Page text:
I have two concerns with every blog post I write: 1) Is this piece narcissistic? Have I focused too much on myself and my personal experience, or have I done enough to share something of overarching value—something that might make a positive difference in someone else’s life? And conversely, 2) have I shared something I shouldn’t have—something sacred?
Life these days can feel like there’s no such thing as oversharing. We’ve become accustomed to 24/7 news cycles (although we usually tune in to the networks and narratives we already agree with). Our infinite wireless connections give us the capability to share, thumbs-up, angry-face, comment on and caption everything and anything, wherever we are, anytime.
There are lots of stories out there, individual as well as global, and they are constantly being told and talked about.
But what about the stories we don’t hear? And the ones we don’t tell?
We don’t have to tell all, do we, friends? And maybe, sometimes we shouldn’t.
The stories that are sacred to me are the ones I experience on a deep, quiet level with my family. Moments that have a “Please Do Not Disturb” sign hanging from the doorknob. Scenes from my life in which I feel joy, or sorrow, or the presence of a higher power—and to narrate that experience would be to besmirch the sacredness of it.
You probably have these experiences too—the ones that make you pause before you click “Post.”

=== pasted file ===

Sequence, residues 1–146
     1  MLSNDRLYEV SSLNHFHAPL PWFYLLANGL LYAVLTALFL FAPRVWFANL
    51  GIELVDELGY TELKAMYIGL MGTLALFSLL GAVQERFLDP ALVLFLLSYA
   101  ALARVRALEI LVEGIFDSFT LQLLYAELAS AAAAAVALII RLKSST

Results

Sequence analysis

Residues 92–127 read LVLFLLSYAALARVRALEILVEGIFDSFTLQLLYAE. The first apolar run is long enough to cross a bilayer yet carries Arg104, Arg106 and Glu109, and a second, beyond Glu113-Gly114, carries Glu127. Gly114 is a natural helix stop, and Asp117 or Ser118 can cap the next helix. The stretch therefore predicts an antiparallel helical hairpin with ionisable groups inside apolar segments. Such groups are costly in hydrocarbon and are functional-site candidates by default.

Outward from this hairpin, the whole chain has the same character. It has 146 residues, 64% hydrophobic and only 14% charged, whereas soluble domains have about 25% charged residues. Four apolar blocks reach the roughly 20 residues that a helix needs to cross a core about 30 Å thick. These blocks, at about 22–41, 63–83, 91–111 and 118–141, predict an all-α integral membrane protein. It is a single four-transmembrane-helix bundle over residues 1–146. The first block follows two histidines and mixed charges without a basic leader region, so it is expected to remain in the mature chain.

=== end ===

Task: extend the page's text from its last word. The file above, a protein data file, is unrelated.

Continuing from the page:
A few months ago, I wrote a rough draft of a post about moving from Texas to New York. The working title was “10 Signs You’re Not in Texas Anymore,” and included social-culture tidbits like, “Texas is a bit more ‘bling,’ while New York (upstate, at least) loves L.L. Bean.”
I worried that my post might come across as “poking fun at” either place, rather than “just for fun” about both. So I shared the rough draft with family and friends from both regions. Some of the “signs” prompted them to affirm, “Mm-hmm.” Others made them laugh. “Maybe this will go viral,” I said, half-joking.
Then someone noted that it would have to be snarky in order to go viral.
He was right: Snarky rules. It’s right up there with screen names and online personas, soundbite-heavy broadcast journalism, and hashtag-friendly campaigns (from advertising to political…if there’s even much of a difference).
Snarky isn’t my style. So I’ve saved this “10 Signs” story for face-to-face conversations, to limit any potential misunderstandings about two unique places, each amazing and special in their own right.
With all the sharing that does happen, we might turn to overemphasis and emojis galore (or, if we’re writers, clickbait headlines) to attract people to our stories. “Come on, folks—pay attention to me!”
Every now and then, though, it might be helpful to ask ourselves, “Is this a story I should tell the world? Or is it one better saved for face-to-face conversations?”
In the beginning, we told stories to explain the unknown. We didn’t have blog posts or phones or YouTube. All we had were one another, gathered around a fire—together.
If we were gathered together, like that, today—right now—would we speak in extremes? Would we lodge ourselves on opposite sides of the fire, or would we acknowledge the shades of gray that are part of life? Would we talk to one another?
Would we tell our stories, from the heart, about what matters to us? About the experiences that have shaped us? Would we share the moments that we know not to simply lob online?
For many of us, I think the answer would be, “Yes.” Yes, we’d really talk to one another.
We probably would find some common ground, too.
Photo credit: Pixabay
Like what you just read? Then check out Melissa Leddy’s newest short fiction e-book, “This Is Just a Story.” Fun, timely and thought-provoking.